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Footprints of Freedom ... A Constitutional Lens on American History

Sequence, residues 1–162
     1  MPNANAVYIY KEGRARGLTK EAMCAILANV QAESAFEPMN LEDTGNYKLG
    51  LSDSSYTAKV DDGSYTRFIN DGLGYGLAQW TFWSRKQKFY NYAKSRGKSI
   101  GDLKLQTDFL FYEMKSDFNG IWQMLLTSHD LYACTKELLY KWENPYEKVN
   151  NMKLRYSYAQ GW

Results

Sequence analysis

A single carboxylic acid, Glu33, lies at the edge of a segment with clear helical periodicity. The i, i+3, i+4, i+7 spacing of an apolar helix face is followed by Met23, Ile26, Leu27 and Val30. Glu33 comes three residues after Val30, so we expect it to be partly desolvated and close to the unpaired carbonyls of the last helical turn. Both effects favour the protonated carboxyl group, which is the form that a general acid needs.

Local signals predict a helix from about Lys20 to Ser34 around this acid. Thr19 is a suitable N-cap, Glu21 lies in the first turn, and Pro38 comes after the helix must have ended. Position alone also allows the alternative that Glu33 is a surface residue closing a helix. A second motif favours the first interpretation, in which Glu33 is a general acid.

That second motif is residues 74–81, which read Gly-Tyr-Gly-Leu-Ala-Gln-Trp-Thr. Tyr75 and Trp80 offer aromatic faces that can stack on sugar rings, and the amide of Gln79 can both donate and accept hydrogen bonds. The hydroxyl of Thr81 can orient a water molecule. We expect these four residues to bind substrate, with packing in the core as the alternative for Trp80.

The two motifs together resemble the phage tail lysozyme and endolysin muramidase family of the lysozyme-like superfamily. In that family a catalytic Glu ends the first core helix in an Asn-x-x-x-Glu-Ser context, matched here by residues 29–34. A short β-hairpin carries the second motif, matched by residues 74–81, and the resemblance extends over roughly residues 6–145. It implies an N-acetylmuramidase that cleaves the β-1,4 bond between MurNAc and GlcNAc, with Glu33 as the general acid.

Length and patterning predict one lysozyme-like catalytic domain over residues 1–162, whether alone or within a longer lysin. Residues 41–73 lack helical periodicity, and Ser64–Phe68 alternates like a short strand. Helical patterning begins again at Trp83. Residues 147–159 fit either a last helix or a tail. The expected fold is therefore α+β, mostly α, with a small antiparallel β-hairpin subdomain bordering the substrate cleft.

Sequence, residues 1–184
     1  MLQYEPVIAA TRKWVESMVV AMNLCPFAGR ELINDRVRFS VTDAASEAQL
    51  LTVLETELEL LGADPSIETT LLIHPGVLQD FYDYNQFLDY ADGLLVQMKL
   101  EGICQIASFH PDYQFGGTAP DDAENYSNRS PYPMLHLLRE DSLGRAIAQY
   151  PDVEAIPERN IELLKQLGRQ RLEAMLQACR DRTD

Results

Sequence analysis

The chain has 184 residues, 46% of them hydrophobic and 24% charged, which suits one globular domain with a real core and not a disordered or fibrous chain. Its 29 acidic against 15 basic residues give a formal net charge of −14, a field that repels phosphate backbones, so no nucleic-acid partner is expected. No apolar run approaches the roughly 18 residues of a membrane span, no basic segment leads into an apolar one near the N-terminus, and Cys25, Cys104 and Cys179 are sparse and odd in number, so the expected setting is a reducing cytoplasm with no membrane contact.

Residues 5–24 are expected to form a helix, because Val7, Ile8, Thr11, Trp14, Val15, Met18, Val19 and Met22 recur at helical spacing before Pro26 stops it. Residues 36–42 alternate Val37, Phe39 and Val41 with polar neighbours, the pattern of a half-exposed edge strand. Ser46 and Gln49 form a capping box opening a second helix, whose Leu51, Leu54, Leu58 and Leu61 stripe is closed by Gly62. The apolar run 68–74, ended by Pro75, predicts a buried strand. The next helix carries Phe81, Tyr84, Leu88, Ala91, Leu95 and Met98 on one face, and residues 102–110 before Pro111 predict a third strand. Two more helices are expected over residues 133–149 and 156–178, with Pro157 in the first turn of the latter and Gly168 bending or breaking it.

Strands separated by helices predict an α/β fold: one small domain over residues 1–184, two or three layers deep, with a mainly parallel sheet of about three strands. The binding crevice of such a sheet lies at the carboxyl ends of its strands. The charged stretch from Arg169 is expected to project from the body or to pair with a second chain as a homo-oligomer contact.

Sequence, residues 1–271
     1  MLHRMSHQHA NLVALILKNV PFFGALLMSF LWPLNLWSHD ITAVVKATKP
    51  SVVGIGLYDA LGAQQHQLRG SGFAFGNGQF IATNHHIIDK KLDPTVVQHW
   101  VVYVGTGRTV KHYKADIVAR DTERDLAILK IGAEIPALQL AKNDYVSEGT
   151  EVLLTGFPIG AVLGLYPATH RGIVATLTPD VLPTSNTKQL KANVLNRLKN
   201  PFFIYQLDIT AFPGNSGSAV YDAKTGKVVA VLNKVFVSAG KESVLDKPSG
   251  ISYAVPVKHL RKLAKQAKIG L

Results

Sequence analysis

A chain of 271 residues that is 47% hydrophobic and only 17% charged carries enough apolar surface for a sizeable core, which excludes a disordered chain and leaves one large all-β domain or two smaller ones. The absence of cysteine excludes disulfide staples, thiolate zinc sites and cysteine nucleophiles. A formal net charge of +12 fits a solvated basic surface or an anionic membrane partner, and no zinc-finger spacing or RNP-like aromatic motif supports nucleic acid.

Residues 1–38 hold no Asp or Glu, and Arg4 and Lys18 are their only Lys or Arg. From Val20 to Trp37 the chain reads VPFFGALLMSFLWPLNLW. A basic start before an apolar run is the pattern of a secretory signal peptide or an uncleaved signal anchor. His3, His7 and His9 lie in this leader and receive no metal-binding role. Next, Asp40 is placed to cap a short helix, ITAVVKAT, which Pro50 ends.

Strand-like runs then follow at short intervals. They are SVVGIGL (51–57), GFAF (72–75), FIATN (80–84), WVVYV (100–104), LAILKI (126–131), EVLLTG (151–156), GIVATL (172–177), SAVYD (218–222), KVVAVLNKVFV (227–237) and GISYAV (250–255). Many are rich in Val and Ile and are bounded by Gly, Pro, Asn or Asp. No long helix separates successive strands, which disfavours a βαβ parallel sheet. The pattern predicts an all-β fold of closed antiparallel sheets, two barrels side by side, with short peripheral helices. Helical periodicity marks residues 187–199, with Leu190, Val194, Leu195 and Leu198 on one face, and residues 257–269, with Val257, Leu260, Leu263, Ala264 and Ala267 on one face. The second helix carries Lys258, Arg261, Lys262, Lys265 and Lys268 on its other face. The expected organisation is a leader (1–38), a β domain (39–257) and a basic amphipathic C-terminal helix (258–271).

These southern California districts include low-performing schools with diverse student populations. History teachers in the district have expressed an interest in making constitutional heritage and democratic values more meaningful to students. Each year of the project, teachers will participate in seven days of professional development—including direct interaction with scholars who specialize in topics related to traditional constitutional and presidential history—and at least 16 additional hours of professional development to increase their content knowledge and capacity to provide effective instruction. The annual activities will include a 4-day content institute at a historical archive followed by four meetings using the Scholar Sessions model, which features a lecture/question-and-answer session, an academic reading and discussion session with a scholar, and a content application activity requiring the teachers to demonstrate their subject knowledge. Eighth-grade teachers will participate for all five years, while others will attend institutes specific to the subjects they teach. The project will explore four constitutional themes: governance, freedom of religion and expression, due process, and equality. Central themes will focus on the principles of freedom and democracy articulated in the founding documents and historic cases and controversies of the U.S. Supreme Court. Strategies will include building infrastructure through collaborative groups to make U.S. history a high priority in the districts; creating an open education resource Web site; and providing an experimental evaluation to gauge the project's impact on teacher content knowledge, historical thinking skills and capacity to provide effective instruction. Participants will make presentations about the project at national and local forums and submit journal articles for publication.

 
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